How to Deal with Quiet Quitting Trend

by | Sep 2, 2022 | HR Consulting

How to deal with Quite Quitting as a business owner

Last week we showed you how to make a hybrid model (or solely remote or in-person) work for your business. But with hybrid and remote work rising, so does the risk of extreme passivity. Disengagement, slacking, isolating, and withdrawal are all a little easier when you don’t have to face your boss.

People commend these behaviors and believe them to be a way to set boundaries and increase work-life balance or separation.  Young people have coined this fad as “quietly quitting.” If you see these behaviors, your employee is not necessarily leaving. They’re just starting to say no to things they once did (“other duties as assigned,” overtime, happy hours/events, etc.) and, thus, passively setting boundaries. 

While this looks pretty subversive, it is not always malicious or intentional. The good news is that this hidden danger is not something you need to worry about as a small business owner. 

We will explore three steps in this blog to ensure you can recognize, address and even prevent “quiet quitting.”

How to deal with quiet quittingHow to deal with quiet quitting

Step 1: Recognize it

In a Forbes article published earlier this year, Robinson outlines six signs:

  • Chronic disengagement.
  • Minimum standard performance.
  • Isolation from other members of the team.
  • Withdrawal from any non-necessary conversations, activities, or tasks.
  • Attendance at meetings but not speaking/acting as much as usual.

Teammates report having to pick up the slack. (Robinson, 2022).

The easiest of these signs to address is withdrawal from the non-necessary, as this can appear on social media (Ellis & Yang, 2022). You might notice someone is hinting at separation or divorce if they share quotes about letting people go, charting new territory, etc. The same goes for quiet quitting. While Startup Tandem Inc. is not suggesting snooping at your employees’ TikTok accounts, we recognize that part of modern life is blurred work and life boundaries. Some employees might not realize it but share their feelings with you. While they’re not necessarily slowly quitting, they ARE communicating that they do not want to do certain aspects of their job.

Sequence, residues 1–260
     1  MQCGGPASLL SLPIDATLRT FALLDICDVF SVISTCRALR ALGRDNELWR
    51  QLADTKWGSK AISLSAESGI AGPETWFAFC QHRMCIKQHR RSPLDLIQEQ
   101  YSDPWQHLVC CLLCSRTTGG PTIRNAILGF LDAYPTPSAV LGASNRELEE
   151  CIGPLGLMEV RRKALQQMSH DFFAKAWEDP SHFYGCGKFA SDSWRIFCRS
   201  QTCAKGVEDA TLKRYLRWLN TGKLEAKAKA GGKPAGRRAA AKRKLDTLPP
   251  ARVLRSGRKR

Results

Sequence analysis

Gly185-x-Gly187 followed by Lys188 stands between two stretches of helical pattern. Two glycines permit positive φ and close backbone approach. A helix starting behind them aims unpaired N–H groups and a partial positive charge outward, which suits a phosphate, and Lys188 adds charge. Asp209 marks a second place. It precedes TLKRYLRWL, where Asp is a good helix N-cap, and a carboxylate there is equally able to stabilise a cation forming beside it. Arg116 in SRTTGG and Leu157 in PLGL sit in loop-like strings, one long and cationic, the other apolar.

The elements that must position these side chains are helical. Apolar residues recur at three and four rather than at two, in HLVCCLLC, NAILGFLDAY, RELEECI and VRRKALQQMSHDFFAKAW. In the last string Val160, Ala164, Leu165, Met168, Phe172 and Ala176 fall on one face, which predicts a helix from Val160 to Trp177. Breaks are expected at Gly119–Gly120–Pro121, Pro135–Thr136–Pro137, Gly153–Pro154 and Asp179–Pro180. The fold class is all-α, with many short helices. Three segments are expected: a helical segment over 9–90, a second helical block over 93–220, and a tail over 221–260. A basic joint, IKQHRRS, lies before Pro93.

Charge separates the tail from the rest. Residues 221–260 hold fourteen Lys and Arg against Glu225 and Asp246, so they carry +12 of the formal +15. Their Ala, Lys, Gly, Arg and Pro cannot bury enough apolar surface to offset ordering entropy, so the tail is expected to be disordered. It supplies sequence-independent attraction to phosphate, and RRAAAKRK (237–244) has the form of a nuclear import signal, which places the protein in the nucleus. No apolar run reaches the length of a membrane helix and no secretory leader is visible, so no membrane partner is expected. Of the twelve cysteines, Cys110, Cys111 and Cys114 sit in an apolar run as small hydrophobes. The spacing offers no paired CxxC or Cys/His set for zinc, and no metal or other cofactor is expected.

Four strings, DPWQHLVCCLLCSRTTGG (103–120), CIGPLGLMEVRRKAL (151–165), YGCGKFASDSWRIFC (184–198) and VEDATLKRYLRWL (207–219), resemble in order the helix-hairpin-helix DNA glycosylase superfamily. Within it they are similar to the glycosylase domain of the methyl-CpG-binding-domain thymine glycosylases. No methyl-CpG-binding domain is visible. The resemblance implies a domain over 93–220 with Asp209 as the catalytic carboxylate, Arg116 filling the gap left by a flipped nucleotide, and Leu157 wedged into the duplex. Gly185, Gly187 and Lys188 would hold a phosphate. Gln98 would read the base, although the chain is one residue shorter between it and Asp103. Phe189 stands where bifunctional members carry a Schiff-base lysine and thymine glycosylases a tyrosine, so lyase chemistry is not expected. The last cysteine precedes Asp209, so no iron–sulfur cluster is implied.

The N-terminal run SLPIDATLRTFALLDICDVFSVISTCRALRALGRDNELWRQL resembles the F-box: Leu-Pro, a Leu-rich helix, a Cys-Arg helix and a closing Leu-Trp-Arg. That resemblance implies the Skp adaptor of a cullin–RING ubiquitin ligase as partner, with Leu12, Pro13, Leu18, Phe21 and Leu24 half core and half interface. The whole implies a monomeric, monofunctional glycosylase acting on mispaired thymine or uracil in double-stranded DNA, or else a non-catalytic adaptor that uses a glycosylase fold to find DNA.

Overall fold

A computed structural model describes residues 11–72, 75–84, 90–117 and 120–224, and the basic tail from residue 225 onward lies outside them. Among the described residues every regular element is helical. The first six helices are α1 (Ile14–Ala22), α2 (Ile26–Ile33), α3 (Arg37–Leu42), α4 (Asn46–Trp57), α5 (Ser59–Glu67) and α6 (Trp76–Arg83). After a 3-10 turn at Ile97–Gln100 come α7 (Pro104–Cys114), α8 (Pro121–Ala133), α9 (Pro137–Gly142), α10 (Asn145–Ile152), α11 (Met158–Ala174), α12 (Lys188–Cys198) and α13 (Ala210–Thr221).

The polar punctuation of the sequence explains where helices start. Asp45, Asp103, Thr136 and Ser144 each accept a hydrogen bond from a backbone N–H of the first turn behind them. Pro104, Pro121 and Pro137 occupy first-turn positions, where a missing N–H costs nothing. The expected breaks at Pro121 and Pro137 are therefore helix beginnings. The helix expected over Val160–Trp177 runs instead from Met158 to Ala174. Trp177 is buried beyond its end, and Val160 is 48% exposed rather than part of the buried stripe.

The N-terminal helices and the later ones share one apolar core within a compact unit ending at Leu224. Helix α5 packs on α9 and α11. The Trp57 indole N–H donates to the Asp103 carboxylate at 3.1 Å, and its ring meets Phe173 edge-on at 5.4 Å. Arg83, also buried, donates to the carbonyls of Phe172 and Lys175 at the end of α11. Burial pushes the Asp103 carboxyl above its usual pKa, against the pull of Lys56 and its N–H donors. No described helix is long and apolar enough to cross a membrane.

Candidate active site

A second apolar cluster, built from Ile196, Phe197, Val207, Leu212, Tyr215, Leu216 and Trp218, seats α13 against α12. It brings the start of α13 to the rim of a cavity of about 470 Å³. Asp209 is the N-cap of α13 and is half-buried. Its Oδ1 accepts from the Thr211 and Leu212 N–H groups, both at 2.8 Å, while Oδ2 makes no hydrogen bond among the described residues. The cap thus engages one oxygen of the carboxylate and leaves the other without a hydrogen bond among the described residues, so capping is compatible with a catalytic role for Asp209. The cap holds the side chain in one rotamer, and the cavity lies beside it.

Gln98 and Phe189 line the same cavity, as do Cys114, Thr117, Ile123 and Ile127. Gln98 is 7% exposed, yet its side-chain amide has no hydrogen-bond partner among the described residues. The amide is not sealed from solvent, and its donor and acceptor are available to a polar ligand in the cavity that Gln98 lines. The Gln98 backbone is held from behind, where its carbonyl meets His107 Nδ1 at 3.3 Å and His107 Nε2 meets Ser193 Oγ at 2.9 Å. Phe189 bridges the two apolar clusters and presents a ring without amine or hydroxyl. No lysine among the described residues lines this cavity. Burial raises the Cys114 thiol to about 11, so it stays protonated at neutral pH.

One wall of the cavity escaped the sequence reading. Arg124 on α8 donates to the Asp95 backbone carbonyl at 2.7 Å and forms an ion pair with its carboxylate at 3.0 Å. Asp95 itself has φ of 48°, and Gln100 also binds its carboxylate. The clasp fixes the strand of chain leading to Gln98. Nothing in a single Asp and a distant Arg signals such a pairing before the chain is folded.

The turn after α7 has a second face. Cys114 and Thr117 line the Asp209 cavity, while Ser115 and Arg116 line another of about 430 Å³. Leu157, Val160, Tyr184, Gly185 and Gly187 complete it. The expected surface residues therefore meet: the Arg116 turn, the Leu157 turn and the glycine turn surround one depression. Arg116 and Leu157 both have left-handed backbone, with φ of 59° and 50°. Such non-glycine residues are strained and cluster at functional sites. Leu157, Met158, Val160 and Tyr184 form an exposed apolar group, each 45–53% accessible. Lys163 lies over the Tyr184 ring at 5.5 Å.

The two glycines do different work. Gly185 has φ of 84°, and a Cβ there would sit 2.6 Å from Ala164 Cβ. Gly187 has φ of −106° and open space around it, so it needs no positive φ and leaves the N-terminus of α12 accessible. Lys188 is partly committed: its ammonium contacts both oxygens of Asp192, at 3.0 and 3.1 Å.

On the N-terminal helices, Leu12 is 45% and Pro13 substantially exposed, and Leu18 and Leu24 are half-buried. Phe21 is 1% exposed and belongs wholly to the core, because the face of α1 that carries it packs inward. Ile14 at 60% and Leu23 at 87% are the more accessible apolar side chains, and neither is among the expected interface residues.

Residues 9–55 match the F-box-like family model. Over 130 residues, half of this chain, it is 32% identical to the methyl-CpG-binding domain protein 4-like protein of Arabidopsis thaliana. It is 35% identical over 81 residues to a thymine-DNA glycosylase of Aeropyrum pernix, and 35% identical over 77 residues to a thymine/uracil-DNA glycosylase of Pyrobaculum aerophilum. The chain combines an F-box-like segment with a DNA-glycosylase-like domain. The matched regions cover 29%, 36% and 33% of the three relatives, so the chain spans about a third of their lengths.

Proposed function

The remaining signs are easy to address in performance reviews, which we encourage to hold at least quarterly.

Pro Tip: Read about How to Make a Hybrid Model Work for your Business – Startup Tandem

Step 2: Address It

While it shouldn’t be the employer’s responsibility to read between the lines of employees’ passive statements and actions, initiating appropriate and direct communication is essential. Don’t lose the chance to address their feelings about work, especially in a remote work setting. If they know you follow their account or even have a public account, managing these work-related videos and sentiments in a meeting is more manageable than if they don’t know you follow them. You don’t have to be critical – remain open and curious. For example, “I noticed that TikTok video about … can you tell me a little more about that?”.